Caste calculus goes for a toss in the north

SP-BSP-RLD alliance trails far behind BJP’s vote share in Uttar Pradesh

May 23, 2019 10:28 pm | Updated 10:28 pm IST - New Delhi

The caste calculus often pulled out to analyse the Indian elections has to be thrown out, at least for now, after the Bharatiya Janata Party’s clean sweep through Uttar Pradesh, Bihar and Jharkhand where alliances were tied carefully according to caste-based vote banks they held.

In Uttar Pradesh, the Samajwadi Party-Bahujan Samaj Party-Rashtriya Lok Dal alliance, hailed as a unique political experiment together polled 38.99% of votes trailing far behind the BJP’s 49.49%.

With the slogan Haathi, Lathi aur Saat Sau Chhiyasi where Haathi referred to BSP’s symbol elephant, lathi used for SP’s stick to shepherd cattle and Saat Sau Chhiyasi ( 786) a reference to Muslims, on paper they were perfect. The allies worked in perfect harmony in spite of historical differences. The campaign was well co-ordinated. They managed the optics also well, with SP Chief Akhilesh Yadav playing loving Bhatija (nephew) to Bua (aunt) Mayawati.

Falling short

Yet it was not enough, because the BJP in U.P. countered the SP-BSP’s caste calculus by mobilising a much varied but a larger caste coalition. “While the BSP-SP had Jatav, Yadav and Muslim votes they lacked the support from most backward society,” Professor Vivek Kumar, Professor In-charge of Ambedkar Chair at the Centre for the Study of Social Systems said.

Professor Badri Narayan echoes the same sentiment. “The BJP responded to the SP-BSP by mobilising 40 non-Yadav most back ward castes and among the Dalits Passis who for long have had rivalry with Jatavs, BSP’s committed voters. They also wooed many other smaller sections of Dalits,” he said.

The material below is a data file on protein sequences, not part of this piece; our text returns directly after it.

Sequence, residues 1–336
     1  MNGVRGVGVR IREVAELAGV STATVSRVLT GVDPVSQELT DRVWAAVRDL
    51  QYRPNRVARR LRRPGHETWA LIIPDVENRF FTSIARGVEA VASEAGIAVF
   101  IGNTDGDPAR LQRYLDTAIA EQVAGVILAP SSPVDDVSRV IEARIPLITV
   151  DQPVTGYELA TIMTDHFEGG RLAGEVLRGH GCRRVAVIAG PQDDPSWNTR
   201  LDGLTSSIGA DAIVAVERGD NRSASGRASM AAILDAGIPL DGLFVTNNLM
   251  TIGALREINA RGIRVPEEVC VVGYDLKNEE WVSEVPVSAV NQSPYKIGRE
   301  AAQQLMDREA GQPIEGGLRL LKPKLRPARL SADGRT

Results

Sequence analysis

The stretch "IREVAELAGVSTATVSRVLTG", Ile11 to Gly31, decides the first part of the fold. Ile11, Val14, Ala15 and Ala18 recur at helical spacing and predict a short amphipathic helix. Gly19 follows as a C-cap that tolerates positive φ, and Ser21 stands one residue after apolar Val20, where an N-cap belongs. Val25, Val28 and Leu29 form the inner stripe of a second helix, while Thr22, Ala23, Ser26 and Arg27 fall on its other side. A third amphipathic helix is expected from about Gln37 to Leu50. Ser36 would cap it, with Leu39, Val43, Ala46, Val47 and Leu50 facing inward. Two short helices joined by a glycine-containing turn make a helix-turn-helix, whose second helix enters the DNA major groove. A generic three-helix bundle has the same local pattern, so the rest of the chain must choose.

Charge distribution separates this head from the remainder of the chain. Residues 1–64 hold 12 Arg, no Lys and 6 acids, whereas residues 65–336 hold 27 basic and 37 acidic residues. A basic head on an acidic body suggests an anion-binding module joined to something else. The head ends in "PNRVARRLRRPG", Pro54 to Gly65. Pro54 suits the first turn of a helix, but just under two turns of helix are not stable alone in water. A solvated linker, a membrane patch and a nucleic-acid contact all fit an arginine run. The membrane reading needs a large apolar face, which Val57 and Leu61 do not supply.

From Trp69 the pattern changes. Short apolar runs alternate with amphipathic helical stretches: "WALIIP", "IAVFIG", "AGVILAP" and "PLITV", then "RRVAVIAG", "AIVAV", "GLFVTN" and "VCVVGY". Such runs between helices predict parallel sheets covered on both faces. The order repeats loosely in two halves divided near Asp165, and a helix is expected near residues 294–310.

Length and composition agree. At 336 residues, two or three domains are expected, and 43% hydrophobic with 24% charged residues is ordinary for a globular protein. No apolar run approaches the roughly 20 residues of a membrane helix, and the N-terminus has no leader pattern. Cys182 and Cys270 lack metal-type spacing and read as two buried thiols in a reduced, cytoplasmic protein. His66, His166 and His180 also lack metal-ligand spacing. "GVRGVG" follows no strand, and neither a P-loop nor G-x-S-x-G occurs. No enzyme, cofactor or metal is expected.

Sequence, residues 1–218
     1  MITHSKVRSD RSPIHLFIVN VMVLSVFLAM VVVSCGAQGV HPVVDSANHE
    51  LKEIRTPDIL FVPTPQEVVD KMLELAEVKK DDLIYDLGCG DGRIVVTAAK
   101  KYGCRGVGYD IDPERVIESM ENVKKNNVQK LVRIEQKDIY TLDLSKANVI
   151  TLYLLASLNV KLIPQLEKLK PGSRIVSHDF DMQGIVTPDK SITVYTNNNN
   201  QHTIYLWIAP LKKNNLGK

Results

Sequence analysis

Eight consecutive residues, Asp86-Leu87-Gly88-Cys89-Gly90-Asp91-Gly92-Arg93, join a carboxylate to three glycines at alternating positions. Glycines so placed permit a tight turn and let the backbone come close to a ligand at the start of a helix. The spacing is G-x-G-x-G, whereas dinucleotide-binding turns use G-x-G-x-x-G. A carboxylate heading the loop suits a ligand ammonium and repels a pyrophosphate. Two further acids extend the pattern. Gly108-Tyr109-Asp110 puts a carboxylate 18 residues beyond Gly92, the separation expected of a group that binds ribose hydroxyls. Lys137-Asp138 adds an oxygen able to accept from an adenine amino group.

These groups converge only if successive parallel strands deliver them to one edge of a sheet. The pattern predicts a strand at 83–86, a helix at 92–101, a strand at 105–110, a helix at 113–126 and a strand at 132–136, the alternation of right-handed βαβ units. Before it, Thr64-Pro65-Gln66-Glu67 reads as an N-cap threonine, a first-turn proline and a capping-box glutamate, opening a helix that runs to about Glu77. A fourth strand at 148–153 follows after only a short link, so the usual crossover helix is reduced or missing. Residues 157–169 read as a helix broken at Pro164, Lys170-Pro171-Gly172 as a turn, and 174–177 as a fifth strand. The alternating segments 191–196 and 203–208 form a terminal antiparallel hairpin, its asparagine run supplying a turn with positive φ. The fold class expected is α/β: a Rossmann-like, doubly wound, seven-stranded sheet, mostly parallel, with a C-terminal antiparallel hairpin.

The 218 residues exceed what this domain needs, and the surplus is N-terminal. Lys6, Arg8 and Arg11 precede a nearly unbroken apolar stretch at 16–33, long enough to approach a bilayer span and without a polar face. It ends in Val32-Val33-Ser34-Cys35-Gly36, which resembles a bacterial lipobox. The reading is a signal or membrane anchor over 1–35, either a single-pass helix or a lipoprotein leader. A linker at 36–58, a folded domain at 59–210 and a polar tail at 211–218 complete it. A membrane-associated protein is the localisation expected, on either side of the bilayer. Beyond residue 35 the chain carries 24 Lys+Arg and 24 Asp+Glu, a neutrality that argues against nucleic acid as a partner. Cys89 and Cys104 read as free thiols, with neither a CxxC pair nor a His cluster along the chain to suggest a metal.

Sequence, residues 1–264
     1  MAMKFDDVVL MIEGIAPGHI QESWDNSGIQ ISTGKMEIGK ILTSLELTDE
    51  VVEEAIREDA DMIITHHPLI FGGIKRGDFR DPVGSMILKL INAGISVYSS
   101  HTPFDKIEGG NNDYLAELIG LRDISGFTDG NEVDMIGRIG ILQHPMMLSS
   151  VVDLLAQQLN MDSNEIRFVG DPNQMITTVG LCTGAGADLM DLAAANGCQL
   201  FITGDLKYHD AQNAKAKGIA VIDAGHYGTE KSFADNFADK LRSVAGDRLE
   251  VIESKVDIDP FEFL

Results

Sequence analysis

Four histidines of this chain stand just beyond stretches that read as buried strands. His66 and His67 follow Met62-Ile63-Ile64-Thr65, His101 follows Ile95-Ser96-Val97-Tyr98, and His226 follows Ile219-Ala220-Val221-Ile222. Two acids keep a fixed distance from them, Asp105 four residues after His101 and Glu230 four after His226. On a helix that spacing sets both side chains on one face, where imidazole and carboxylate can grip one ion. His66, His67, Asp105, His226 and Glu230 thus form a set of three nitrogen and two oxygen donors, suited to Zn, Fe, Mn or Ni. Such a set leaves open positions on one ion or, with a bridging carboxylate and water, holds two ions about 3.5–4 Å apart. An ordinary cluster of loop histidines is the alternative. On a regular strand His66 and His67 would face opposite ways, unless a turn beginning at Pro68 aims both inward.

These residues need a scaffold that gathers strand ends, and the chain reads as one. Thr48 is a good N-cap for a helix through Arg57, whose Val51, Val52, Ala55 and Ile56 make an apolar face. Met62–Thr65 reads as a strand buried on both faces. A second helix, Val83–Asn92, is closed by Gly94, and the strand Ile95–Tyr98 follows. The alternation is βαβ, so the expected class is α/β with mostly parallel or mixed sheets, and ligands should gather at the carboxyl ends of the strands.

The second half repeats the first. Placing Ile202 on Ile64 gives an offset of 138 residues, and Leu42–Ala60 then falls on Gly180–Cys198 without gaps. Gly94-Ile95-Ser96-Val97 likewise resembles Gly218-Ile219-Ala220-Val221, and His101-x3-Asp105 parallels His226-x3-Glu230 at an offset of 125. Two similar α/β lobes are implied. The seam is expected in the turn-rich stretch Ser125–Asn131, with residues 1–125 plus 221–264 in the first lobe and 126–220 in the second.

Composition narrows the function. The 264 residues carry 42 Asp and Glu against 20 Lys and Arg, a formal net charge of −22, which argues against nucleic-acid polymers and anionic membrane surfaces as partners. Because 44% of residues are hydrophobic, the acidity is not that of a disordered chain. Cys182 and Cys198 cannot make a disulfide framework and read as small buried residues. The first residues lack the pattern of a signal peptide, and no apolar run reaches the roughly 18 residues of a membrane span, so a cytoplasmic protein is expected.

And wherever the caste arithemetic did not work they used the overarching Hindutva narrative to combine everyone, he added. It was only in the U.P. campaign that Mr. Modi invoked his own backward caste roots.

In Bihar too, the Rashtriya Janata Dal, carefully chose its partners. To add to its traditional Muslim-Yadav vote bank Tejashwi Yadav, who is leading the party in the absence of his father Lalu Yadav brought together Rashtriya Lok Samata Party of Upendra Kushwaha, extremely back ward caste leader Jitan Ram Manjhi’s Hindustani Awam Morcha and Mukesh Sahani’s Vikas Sheel Insaan Party. And then via Congress, they sought to keep the minority vote too in their fold.

Together they made a formidable alliance, except it did not work. Barring Kishanganj where Dr. Mohammed Jawed of the Congress won, the coalition scored nil. The Rashtriya Janata Dal got more than 15% of votes but not a single seat.

Professor Kumar says the prime reason is that the alliance was forged too late. The seat distribution was settled after intense tussle leaving a bitter taste among the allies.

Right from the word go, it was an uncomfortable marriage with infighting and rebellion. The RJD itself fielded their own leader against Congress’s Ranjeet Ranjan in Supaul to counter her husband Pappu Yadav who despite many requests contested against RJD candidate Sharad Yadav. Similarly, Congress rebel Shakeel Ahmed fought against VIP’s Badri Kumar.

In Jharkhand the Congress brought together Jharkhand Mukti Morcha, Jarkhand Vikas Morcha and Rashtriya Janata Dal. The alliance partners ticked all the boxes by bringing many tribals and non tribal parties together. But the alliance got only two seats with Congress and Jharkhand Mukti Morcha. “We have not been able to explain these results. The BJP government in state is extremely unpopular, nationalism as a narrative does not echo with Jharkhand so much and yet we lost,” a senior Congress leader said.

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